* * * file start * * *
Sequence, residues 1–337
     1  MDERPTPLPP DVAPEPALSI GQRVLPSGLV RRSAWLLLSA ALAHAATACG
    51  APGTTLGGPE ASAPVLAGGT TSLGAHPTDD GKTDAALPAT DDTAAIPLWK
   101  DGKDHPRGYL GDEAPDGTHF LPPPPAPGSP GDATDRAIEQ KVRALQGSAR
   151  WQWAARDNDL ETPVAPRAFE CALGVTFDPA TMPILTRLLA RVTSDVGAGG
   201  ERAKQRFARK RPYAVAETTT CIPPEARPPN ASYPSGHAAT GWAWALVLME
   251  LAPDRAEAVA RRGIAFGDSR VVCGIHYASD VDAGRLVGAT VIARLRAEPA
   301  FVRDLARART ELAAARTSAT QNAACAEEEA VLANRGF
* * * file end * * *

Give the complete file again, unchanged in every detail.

Sequence, residues 1–337
     1  MDERPTPLPP DVAPEPALSI GQRVLPSGLV RRSAWLLLSA ALAHAATACG
    51  APGTTLGGPE ASAPVLAGGT TSLGAHPTDD GKTDAALPAT DDTAAIPLWK
   101  DGKDHPRGYL GDEAPDGTHF LPPPPAPGSP GDATDRAIEQ KVRALQGSAR
   151  WQWAARDNDL ETPVAPRAFE CALGVTFDPA TMPILTRLLA RVTSDVGAGG
   201  ERAKQRFARK RPYAVAETTT CIPPEARPPN ASYPSGHAAT GWAWALVLME
   251  LAPDRAEAVA RRGIAFGDSR VVCGIHYASD VDAGRLVGAT VIARLRAEPA
   301  FVRDLARART ELAAARTSAT QNAACAEEEA VLANRGF